Conservation of ecosystems, habitats and the maintenance of environmental conditions for the survival of species are everyone's responsibility. The ecologist's role is to better understand how complex systems work and say how best to manage valuable fragile resources.
Edward Newman introduces beginners to underlying ecological principles. Chapters begin with questions and the basic science needed to understand the problems. For example, chapter two takes us through energy and carbon, essentials of biological life, their movement through trophic levels and brings us finally to global climate change. Examples are well referenced, worldwide and pertinent.
Subsequent chapters address soils, seas and specific contemporary management problems. Cod fishery exploitation, thought to be an endless source of protein, took this fish to the edge of extinction. Newman, rightly, lays some blame on fisheries scientists. Similarly, forest sustainability, management, and effects on other species are examined, but not pessimistically. Pest control - chemical and biological - and pollution are also addressed.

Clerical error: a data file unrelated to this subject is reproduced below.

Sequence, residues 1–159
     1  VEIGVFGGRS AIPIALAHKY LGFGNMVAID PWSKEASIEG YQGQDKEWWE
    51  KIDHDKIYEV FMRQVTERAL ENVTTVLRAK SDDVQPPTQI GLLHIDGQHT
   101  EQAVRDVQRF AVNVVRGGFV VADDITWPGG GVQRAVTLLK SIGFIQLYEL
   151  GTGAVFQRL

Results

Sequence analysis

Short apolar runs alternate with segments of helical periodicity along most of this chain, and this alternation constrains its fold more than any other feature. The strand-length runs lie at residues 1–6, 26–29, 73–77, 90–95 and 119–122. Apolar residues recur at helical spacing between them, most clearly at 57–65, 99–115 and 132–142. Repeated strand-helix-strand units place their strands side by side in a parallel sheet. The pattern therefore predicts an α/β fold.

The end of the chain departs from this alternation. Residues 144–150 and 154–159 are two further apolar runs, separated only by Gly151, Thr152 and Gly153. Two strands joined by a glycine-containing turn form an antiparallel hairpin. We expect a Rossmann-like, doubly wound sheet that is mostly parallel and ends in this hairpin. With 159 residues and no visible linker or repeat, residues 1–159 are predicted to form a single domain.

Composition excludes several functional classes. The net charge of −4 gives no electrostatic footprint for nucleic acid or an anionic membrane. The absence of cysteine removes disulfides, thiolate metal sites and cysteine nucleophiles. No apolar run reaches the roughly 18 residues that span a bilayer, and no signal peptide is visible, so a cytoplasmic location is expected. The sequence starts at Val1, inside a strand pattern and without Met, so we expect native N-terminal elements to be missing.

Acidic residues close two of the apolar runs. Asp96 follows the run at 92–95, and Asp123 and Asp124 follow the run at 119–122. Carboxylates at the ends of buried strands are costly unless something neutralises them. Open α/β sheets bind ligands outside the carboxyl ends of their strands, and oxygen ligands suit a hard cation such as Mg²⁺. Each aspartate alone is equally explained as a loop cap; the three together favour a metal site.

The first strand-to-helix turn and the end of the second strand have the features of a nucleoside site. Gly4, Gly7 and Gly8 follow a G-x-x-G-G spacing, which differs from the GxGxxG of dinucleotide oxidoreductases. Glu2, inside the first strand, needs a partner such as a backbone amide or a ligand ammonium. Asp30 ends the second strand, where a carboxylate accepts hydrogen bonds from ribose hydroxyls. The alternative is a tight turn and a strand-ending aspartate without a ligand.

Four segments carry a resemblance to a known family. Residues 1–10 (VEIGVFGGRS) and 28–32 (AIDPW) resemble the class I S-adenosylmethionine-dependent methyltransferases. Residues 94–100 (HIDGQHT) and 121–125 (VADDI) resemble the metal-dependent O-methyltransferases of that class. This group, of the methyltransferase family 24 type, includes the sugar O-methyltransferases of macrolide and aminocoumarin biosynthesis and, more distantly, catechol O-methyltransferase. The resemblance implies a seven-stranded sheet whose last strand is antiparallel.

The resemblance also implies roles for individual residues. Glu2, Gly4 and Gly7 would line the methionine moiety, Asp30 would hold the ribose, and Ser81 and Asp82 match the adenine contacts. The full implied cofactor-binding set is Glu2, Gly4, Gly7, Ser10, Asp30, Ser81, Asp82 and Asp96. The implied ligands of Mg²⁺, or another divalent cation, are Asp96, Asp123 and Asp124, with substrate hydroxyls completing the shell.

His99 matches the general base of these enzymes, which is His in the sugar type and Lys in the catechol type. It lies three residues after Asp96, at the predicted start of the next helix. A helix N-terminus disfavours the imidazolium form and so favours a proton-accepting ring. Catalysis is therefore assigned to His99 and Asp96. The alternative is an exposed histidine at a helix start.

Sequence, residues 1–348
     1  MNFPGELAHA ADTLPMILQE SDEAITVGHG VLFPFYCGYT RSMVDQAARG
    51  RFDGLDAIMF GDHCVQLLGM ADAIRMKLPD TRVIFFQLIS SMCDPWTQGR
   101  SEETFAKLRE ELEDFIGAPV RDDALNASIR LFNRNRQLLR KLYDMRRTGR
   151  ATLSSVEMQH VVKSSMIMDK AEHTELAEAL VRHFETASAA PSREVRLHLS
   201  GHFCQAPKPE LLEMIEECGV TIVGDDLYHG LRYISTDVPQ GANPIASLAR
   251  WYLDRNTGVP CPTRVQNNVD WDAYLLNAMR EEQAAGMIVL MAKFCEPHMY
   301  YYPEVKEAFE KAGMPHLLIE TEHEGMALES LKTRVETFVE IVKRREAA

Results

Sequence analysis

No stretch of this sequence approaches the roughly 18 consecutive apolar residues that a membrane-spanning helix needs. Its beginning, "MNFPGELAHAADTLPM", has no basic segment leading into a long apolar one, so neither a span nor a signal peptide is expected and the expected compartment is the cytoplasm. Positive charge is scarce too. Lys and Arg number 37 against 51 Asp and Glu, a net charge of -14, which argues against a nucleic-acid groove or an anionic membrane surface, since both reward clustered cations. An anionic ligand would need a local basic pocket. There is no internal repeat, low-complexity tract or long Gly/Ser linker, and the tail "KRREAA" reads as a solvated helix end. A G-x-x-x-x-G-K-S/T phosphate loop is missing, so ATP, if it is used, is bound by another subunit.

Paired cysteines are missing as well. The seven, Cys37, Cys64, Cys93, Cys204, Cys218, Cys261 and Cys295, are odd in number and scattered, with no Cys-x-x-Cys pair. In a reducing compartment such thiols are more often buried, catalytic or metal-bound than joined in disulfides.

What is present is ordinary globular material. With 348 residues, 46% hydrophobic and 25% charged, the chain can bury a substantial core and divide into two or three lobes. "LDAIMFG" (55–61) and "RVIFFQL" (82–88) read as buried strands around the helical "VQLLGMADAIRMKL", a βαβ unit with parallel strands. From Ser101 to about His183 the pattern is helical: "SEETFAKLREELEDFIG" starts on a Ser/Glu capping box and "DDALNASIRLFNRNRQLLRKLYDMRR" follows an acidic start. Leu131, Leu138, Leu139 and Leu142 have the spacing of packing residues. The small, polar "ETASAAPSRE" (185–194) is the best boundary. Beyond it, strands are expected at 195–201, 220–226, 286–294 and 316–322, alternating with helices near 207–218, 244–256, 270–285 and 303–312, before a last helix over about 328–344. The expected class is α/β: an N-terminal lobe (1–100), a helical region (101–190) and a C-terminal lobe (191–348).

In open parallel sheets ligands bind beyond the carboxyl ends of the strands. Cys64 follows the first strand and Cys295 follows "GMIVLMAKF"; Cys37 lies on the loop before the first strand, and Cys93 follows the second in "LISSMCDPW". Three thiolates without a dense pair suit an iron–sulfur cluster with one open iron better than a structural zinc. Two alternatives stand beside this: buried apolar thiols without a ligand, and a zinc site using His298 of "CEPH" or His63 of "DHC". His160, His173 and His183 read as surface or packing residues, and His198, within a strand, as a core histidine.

The final chapters examine species conservation and community restoration. A good introduction to applied ecology - send it to George W. Bush's administration to help it understand its environmental responsibilities.
Tony Andrew is lecturer in environmental science, University of Ulster.
Applied Ecology and Environmental Management. Second Edition
Author - Edward Newman
ISBN - 0 632 04265 6
Publisher - Blackwell
Price - £29.50
Pages - 396